The Downside to Being a Highly Compensated Employee

How Being Highly Compensated Can Hinder Retirement Savings

A wallet fat with money and credit cards from a high compensation job
••• John Kuczala / Digital Vision / Getty Images

Everyone wants a job that pays well, but you might be surprised to learn that there are some significant downsides to being a "highly compensated employee," or HCE. You are most likely to feel those downsides when you move to the middle-management phase of your career or have access to employee stock options.

Just because you're well-paid, that doesn't mean you'll get the HCE label. This is a tax term used by the Internal Revenue Service (IRS). But if you are considered an HCE, here is what you need to know.

Key Takeaways

  • Highly compensated employees (HCEs) are those whose immediate family owns more than 5% interest in the business at some point during the current or previous year.
  • You count as an HCE if you were paid more than $130,000 in 2021 ($135,000 in 2022), and that income puts you in the top 20% of earners at the company.
  • HCE 401(k) contributions are capped at 2% more than non-HCE contributions.
  • HCEs can make up for 401(k) limits by maximizing their IRA contributions.

What Is a Highly Compensated Employee?

You might think that the term is a generic one for executives or people you can only see by appointment, but an HCE isn't just someone with a fancy title who makes a lot of money.

The IRS has a very clear definition of who counts as an HCE. You don't even need to make an obscene amount of money to get that label. There are two ways to be considered highly compensated.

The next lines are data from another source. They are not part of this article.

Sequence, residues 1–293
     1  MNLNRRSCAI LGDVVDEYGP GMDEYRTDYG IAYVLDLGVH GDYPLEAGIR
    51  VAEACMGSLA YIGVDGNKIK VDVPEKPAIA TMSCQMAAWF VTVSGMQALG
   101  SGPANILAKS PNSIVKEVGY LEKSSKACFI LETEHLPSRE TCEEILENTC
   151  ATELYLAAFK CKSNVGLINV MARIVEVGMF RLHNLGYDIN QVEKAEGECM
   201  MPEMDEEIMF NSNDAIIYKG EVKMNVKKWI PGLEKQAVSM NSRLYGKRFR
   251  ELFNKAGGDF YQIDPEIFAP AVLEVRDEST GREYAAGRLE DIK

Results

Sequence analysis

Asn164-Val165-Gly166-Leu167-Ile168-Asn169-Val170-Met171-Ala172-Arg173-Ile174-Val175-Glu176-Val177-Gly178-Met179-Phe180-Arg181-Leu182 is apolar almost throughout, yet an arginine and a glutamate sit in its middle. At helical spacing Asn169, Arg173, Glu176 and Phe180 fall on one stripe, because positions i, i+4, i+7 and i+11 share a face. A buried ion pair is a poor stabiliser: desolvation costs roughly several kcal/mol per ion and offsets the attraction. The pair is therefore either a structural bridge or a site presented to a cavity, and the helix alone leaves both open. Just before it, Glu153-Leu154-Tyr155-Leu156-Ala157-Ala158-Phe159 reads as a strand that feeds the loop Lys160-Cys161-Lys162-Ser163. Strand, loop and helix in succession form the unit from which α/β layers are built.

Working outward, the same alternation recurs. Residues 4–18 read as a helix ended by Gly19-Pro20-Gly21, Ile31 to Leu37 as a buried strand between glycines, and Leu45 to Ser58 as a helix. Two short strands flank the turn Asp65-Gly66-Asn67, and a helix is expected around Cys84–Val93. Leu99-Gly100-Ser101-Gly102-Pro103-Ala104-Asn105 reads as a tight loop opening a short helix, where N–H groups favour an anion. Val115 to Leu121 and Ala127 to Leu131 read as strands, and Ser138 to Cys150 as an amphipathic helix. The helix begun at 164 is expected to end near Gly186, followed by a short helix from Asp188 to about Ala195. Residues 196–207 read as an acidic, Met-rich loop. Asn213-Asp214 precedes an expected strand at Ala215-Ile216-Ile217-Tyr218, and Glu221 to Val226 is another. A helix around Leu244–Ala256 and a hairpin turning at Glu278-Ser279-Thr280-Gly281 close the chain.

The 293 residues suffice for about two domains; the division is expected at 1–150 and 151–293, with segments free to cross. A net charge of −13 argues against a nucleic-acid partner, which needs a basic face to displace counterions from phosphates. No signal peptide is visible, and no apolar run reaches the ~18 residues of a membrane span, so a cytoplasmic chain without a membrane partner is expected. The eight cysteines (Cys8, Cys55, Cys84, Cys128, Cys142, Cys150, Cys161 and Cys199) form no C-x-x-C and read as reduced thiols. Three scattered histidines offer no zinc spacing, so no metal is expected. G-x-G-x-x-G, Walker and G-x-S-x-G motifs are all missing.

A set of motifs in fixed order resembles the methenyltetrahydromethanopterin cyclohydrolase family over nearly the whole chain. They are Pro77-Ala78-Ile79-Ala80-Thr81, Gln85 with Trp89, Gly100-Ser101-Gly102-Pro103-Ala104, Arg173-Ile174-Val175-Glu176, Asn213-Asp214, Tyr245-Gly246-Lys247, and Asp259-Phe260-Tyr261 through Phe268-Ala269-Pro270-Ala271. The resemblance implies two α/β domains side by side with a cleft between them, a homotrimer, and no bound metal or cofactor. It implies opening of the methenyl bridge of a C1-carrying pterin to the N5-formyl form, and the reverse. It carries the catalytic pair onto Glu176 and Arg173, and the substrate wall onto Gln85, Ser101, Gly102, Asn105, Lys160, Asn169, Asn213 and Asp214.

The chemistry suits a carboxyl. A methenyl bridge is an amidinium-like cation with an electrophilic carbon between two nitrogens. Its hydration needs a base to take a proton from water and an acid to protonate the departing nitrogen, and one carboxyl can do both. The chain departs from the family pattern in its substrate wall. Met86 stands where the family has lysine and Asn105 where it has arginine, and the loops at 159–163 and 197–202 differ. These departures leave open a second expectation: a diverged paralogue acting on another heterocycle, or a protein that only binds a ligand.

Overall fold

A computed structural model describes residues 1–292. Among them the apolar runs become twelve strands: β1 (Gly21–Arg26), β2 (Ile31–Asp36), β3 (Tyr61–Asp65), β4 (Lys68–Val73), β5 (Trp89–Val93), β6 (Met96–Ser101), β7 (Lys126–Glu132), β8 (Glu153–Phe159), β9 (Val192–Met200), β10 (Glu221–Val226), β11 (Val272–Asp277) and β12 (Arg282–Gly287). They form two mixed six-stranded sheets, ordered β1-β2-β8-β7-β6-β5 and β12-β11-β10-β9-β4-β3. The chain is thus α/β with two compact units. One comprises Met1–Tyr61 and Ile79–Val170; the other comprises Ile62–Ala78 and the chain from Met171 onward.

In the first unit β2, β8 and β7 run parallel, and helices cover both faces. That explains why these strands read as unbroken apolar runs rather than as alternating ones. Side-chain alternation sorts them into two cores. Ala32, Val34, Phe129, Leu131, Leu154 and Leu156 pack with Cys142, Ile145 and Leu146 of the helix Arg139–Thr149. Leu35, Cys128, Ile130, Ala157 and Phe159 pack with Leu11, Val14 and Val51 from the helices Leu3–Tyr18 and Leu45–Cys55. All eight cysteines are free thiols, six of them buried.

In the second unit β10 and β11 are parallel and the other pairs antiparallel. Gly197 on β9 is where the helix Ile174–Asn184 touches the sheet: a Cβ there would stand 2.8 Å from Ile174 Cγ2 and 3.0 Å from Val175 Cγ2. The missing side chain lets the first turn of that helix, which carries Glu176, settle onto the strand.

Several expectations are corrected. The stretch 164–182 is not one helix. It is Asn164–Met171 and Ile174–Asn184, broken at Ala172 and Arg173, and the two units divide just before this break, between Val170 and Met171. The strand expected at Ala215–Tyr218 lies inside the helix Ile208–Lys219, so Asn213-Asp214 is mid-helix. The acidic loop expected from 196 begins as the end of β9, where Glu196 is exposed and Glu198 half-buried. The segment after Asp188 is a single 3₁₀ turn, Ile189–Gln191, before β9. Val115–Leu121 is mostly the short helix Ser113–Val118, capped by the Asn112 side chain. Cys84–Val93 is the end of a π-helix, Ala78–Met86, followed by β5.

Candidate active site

You're a highly compensated employee if you owned more than 5% of the interest in a business at any time during this year or the year before this one. Notice the "more than" part of the rule. This means that if you own exactly 5%—based on your voting power—you are not labeled highly compensated by the IRS. However, stock ownership of 5.01% or more counts.

The 5% threshold includes equity owned by relatives, who could include your spouse, parents, children, or grandchildren. Grandparents and siblings don't count.

If you own 3%, and your spouse owns 2.01%, you are considered highly compensated (3 + 2.01 = 5.01). In that case, it doesn't matter how much money you made. If the business is new, the owners might not draw a salary, or the compensation might be very little.

Salary and Rank

You're also highly compensated if two things are true:

  • You were paid more than $130,000 in 2021 from a single company. This increased to $135,000 in 2022.
  • You were in the top 20% when people at that company are ranked by how much they made.

You don't have to meet both the ownership and salary criteria to earn the HCE label. If you're more than a 5% owner but only earn $30,000 per year, you're considered highly compensated.

You can only be counted as an HCE if you are employed by the company. If you simply own 5.01% or more but are not an employee, you can't be an HCE.

How Do HCE Rules Affect You?